Editor’s note: This is the seventh in a multipart series exploring the market effects of California’s sweeping organic waste reduction law, SB 1383.
This has been the biggest year yet for efforts to meet the requirements of California’s organics recycling law, but some market participants are already discussing whether the state’s 2025 goals should be revised.
While large companies and local governments continue to expand collection and processing infrastructure, certain market participants have also raised concerns about their operations being limited by aspects of the SB 1383 regulations. Now, the policy is getting renewed attention at the state level amid a broader focus on the rising cost of recycling services.
Legislative leaders asked the Little Hoover Commission — an independent state oversight agency appointed by state policymakers — to look at general recycling issues in light of these concerns, according to Executive Director Ethan Rarick. Commissioners and staff ultimately narrowed their focus to SB 1383, considered among the more complex topics that the group has taken on, due in part to its climate change implications.
"They felt that the implementation of 1383 is a big task, and it was an area where they thought a study would be timely,” Rarick said. “It’s important that the state implements 1383 well."
The commission’s final report will be non-binding, but Rarick said it’s common for legislators to adopt policy based on its recommendations. Gov. Gavin Newsom has already signed two laws within the past year to allow flexibility on compliance timing for jurisdictions. Meanwhile, the state is under pressure to make up for lost time during the pandemic after missing its initial target to show an incremental reduction in disposal volumes by 2020.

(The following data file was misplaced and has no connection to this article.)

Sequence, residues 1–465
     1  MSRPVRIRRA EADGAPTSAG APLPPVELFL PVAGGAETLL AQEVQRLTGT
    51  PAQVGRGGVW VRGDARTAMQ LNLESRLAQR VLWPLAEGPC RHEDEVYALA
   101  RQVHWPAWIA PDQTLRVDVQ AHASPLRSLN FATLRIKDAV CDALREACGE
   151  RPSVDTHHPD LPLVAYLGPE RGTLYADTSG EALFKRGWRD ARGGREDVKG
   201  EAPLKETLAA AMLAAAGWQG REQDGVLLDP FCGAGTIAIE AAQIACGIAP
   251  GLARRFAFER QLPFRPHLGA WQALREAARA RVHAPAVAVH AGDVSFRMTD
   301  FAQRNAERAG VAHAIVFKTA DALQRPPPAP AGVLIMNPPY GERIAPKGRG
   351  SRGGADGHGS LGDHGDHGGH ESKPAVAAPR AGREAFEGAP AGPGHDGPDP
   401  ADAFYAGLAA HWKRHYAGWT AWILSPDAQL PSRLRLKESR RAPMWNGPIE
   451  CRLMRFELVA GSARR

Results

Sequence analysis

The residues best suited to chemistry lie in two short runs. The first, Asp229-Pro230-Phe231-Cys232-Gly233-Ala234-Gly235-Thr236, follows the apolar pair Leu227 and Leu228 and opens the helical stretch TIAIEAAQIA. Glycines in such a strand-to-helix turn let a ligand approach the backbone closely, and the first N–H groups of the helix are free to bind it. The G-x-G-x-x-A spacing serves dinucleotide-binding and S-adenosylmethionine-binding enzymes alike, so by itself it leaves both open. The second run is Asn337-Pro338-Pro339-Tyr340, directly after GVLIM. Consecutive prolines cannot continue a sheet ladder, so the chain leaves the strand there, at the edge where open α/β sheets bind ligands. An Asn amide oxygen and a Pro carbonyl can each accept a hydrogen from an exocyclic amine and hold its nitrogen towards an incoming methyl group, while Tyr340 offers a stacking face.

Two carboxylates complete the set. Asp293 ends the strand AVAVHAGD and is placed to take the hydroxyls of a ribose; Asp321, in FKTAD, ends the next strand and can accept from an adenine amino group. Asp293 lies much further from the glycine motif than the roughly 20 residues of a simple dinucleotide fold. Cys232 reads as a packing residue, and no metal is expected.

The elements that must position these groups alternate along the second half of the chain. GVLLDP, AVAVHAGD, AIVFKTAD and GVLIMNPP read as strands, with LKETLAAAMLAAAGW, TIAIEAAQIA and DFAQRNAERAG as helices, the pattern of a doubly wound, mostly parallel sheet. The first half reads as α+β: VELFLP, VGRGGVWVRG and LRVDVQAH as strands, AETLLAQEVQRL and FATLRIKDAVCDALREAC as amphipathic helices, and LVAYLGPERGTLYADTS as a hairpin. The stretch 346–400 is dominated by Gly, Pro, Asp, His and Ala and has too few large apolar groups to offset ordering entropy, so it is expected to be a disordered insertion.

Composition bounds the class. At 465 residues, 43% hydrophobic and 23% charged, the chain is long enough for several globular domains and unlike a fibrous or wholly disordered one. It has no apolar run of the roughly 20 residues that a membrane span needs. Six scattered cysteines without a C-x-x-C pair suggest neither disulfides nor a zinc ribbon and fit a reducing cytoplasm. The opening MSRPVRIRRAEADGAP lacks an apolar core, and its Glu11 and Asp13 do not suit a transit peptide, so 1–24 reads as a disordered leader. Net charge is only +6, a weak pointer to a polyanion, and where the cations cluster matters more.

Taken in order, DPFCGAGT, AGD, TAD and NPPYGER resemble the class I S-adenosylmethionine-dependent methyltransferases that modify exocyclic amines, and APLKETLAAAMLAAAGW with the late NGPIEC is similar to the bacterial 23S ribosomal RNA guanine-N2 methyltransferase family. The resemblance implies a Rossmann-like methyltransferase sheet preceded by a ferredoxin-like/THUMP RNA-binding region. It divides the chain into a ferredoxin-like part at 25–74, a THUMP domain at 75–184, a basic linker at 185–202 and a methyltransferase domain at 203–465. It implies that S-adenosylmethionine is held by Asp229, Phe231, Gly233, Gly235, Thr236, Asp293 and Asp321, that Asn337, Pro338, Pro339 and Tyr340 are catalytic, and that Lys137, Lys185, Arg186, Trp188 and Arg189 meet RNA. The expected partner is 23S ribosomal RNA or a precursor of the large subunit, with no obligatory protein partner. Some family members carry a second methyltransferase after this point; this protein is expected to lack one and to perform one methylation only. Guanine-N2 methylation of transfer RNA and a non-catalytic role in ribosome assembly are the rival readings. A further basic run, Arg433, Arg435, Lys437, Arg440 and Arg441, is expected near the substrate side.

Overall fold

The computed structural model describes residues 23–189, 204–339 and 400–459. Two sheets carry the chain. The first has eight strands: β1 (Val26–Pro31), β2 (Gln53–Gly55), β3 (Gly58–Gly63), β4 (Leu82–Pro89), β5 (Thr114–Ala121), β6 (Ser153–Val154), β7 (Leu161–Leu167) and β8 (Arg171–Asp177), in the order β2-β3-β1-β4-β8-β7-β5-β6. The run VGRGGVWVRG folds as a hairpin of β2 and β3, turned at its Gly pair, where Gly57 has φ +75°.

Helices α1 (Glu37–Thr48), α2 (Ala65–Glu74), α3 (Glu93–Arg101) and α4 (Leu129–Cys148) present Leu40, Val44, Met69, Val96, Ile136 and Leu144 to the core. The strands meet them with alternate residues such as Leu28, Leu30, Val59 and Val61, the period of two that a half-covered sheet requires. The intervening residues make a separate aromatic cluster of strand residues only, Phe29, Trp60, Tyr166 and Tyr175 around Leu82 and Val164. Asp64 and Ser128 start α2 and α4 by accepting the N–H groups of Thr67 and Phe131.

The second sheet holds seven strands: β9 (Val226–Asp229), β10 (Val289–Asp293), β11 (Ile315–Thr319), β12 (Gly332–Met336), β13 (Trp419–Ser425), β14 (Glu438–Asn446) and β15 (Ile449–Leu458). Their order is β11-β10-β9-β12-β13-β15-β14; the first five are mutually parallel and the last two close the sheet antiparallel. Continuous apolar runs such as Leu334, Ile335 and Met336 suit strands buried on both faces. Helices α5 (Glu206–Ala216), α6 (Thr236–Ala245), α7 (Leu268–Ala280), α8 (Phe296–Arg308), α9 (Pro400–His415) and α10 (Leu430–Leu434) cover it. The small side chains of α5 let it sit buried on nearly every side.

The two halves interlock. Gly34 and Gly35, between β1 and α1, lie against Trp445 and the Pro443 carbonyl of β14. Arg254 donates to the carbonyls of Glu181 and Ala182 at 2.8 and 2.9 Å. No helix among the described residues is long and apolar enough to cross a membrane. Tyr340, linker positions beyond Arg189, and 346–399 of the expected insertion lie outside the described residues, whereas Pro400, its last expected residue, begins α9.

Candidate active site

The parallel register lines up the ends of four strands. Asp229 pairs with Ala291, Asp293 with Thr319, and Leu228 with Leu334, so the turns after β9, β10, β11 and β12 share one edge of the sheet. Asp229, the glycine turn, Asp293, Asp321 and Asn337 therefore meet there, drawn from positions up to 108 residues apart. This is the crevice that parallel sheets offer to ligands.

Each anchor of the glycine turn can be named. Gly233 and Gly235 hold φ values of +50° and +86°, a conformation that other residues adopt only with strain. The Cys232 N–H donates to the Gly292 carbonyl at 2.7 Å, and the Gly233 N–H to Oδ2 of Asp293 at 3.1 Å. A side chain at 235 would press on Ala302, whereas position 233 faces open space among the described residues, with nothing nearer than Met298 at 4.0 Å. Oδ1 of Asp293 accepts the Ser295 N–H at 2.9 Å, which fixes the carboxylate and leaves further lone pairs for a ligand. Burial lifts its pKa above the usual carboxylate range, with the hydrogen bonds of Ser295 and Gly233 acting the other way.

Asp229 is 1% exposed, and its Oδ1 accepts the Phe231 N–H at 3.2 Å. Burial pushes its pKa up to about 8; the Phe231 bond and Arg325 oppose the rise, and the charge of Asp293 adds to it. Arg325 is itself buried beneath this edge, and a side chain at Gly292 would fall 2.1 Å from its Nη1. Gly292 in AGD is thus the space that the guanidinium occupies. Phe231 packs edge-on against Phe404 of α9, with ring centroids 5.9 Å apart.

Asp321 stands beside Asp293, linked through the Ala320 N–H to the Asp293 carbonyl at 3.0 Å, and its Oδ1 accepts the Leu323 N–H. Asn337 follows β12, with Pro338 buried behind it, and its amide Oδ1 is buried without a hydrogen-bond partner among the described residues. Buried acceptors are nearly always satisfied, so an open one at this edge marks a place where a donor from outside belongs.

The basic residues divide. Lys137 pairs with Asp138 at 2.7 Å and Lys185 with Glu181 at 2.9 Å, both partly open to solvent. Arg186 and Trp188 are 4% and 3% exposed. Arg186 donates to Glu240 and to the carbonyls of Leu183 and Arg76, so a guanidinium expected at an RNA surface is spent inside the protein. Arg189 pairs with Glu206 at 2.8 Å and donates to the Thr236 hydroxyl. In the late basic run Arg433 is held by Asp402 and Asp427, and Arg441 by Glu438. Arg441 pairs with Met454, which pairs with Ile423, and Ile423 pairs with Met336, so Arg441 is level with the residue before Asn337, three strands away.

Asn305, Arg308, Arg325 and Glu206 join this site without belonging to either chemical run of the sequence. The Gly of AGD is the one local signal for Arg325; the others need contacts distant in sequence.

“Until this year, CalRecycle's regulations to meet the organics reduction targets were not enforceable, so it makes sense that the 2020 diversion rates required in 1383 were not met. Incentive dollars are an effective tool in jump-starting markets, but they can only go so far,” said Shereen D’Souza, CalEPA’s deputy secretary for climate policy and intergovernmental relations, during a Sept. 8 hearing. “All this said, local jurisdictions are making a lot of progress since the beginning of this year."
CalRecycle estimated in September that around half of the state’s approximately 540 jurisdictions had organics collection programs in place, with more in the works. A 2021 law gave jurisdictions some breathing room from initial 2022 compliance requirements, and 128 of them have taken the state up on that.
"I would really advise against changing the target,” said CalRecycle Director Rachel Machi Wagoner during the Sept. 8 hearing. The agency is trying to get implementation back on track after a “very uncertain time,” she said, pointing to the goal as a key factor for infrastructure developers. "Certainty that we are going to continue on this regulatory path is really crucial to them being able to invest and build here in California.”
Waste separation and culture change
One of the most visible changes to come from the law is a proliferation of new collection carts and containers for organic waste throughout the state. Figuring out the effectiveness and cost of various collection methods is one of the top discussion points within California’s waste industry.
CalRecycle still doesn’t have full data on which collection model each jurisdiction has selected, but the agency believes the vast majority are pursuing the “standard” model — a three-bin system where food scraps are often commingled with yard waste. Machi Wagoner said at the hearing that costs have varied, with some jurisdictions reporting no rate increases for customers while others saw hikes ranging from $2 to $10 per month.
The SB 1383 regulations are written in a way to make three carts the smoothest path to compliance, and supporters say this comes with the added benefit of instilling behavior change.
“If we just provide solutions at the back end, that consciousness isn’t going to shift at the bin, and that’s what we really need to happen to get people to think about their waste,” said Rachel Oster, principal at consulting firm Diversion Strategies.